I like this a lot. Though this sunny ’70s Pop song rapped up in a blanket of loneliness wasn’t a hit in its day, it manages to hold up well four decades later. In Big Star drummer Jody Stephens’ own words, “They were fairly dark records wrapped in a pop package. Maybe that’s what made them enduring.”
Burnes’ Turns: Yes
Top 500 Consideration: Long Shot

179. “Free Fallin” – Tom Petty
This isn’t a bad song by any means, but it’s a bit sappy for my taste. Give me “A Face in the Crowd” over this any day.
Burnes’ Turns: No
Top 500 Consideration: No

178. “Don’t Worry Baby” – The Beach Boys
This Phil Spector-inspired love song stands out in a discography full of overrated and overworked stuff like “Good Vibrations.” It may just be my favorite Beach Boys song of all time.
Burnes’ Turns: Yes
Top 500 Consideration: Yes

177. “I Fought the Law” – The Bobby Fuller Four
This slice of outlaw badassery sounds like a mix between a Phil Spector-produced group and Buddy Holly with a little bit of Johnny Cash thrown in. I didn’t expect much going into it, but my expectations were exceeded in every conceivable way.
Burnes’ Turns: Yes
Top 500 Consideration: Long Shot

176. “Paint it, Black” – The Rolling Stones
Other than “Can’t You Hear Me Knockin’,” this was my introduction to The Rolling Stones due to its inclusion in Guitar Hero III. I wasn’t a fan of it back then, and though my opinion of the song has increased somewhat since that time, it isn’t enough to warrant it a place on my list. Fun fact, the comma in the title was originally a misprint, but it made it seem so much more ominous and strange that it’s stuck after all these years.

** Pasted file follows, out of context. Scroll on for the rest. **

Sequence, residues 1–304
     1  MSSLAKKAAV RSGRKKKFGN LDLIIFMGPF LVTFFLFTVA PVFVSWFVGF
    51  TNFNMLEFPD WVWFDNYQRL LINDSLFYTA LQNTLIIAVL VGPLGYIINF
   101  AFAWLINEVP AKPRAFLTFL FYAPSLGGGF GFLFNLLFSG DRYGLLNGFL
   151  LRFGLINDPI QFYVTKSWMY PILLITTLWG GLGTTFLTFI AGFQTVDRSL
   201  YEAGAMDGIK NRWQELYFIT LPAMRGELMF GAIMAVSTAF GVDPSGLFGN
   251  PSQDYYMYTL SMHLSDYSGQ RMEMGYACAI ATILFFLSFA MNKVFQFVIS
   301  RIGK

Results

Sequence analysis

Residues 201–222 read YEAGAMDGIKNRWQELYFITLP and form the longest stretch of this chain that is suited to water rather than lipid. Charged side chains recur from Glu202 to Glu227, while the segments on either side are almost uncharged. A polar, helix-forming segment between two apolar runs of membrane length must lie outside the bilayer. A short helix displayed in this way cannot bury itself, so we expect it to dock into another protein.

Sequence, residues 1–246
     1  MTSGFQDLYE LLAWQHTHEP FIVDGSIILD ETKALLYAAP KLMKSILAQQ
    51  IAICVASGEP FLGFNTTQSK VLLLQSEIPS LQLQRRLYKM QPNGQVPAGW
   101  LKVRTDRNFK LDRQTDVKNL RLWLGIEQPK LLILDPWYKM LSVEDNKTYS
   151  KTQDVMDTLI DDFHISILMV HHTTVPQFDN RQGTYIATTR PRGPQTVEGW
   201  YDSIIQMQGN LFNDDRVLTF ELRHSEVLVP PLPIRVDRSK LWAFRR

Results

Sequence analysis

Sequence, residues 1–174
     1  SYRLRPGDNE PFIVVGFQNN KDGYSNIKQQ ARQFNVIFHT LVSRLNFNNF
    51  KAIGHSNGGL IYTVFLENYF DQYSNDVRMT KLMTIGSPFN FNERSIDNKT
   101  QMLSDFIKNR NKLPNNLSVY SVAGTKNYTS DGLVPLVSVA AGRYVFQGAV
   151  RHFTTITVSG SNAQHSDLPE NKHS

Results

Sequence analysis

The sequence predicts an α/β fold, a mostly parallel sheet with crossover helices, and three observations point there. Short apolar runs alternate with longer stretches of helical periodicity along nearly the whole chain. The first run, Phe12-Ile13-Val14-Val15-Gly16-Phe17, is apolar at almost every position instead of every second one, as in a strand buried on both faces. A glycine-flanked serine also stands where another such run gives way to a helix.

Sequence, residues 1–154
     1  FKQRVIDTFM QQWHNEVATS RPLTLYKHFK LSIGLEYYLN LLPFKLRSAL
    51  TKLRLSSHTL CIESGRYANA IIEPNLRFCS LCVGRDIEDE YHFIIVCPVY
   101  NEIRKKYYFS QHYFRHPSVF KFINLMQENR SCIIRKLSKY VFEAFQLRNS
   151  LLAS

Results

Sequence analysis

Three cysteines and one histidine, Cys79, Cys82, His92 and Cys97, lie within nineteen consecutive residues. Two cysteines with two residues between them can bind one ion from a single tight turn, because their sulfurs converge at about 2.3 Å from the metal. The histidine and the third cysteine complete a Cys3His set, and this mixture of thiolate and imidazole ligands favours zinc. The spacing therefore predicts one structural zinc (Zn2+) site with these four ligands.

Burnes’ Turns: No
Top 500 Consideration: No

175. “God Save the Queen” – The Sex Pistols
When this was released in ’77 (in a sleeve with Her Majesty being punctured by a safety pin), the outrage in England was severe. As the BBC banned the song, they probably didn’t realize that this was exactly the kind of reaction The Sex Pistols wanted.
Burnes’ Turns: Yes
Top 500 Consideration: No

174. “Dancing Queen” – ABBA
Everybody knows this song, but I don’t think everybody gives it the credit for what it is: damn near perfection. ABBA may not have hit it out of the park on every occasion, but there is no doubt in my mind that this is one of the greatest songs of all time.
Burnes’ Turns: Yes
Top 500 Consideration: Yes

173. “Dream on” – Aerosmith
As Aerosmith is one of the most major forces that got me into music, “Dream on” was one of the first songs that I ever wanted to hear repeatedly. As a hardcore Aerosmith fan, I have no problem admitting that this song is overhyped and overplayed, but I also have so many fond memories with the track that I can’t fault it. One in particular: at my senior prom a couple of my friends had the DJ play the song just so I could get on stage and hit the high notes at the song’s climax. It was an evening full of those.
Burnes’ Turns: Yes
Top 500 Consideration: Yes

172. “99 Problems” – Jay-Z
I’m far from a Jay-Z fan, but there is no denying this Rick Rubin-produced Funk-Rap anthem that destroys everything in its path. The man was out of control that day.
Burnes’ Turns: Yes
Top 500 Consideration: Yes

171. “Both Sides Now” – Joni Mitchell
I had no idea that Joni Mitchell made stuff like this. The soaring orchestral string section that would be at home on the Skyrim soundtrack are incredible, but Mitchell’s voice seems to float even above them. I can honestly say I’ve never heard anything like this.
Burnes’ Turns: Yes
Top 500 Consideration: Yes